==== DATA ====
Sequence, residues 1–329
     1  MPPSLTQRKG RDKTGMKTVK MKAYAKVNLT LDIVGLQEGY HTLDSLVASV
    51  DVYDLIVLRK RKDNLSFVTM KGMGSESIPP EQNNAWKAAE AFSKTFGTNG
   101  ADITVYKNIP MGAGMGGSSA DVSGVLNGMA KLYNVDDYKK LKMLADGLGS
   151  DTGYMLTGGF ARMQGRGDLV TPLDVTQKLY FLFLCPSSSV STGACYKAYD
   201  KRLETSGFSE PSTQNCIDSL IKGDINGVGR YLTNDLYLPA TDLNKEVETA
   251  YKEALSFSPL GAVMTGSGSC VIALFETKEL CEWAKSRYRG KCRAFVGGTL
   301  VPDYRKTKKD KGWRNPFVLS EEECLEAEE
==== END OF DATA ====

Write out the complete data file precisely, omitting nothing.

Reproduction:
Sequence, residues 1–329
     1  MPPSLTQRKG RDKTGMKTVK MKAYAKVNLT LDIVGLQEGY HTLDSLVASV
    51  DVYDLIVLRK RKDNLSFVTM KGMGSESIPP EQNNAWKAAE AFSKTFGTNG
   101  ADITVYKNIP MGAGMGGSSA DVSGVLNGMA KLYNVDDYKK LKMLADGLGS
   151  DTGYMLTGGF ARMQGRGDLV TPLDVTQKLY FLFLCPSSSV STGACYKAYD
   201  KRLETSGFSE PSTQNCIDSL IKGDINGVGR YLTNDLYLPA TDLNKEVETA
   251  YKEALSFSPL GAVMTGSGSC VIALFETKEL CEWAKSRYRG KCRAFVGGTL
   301  VPDYRKTKKD KGWRNPFVLS EEECLEAEE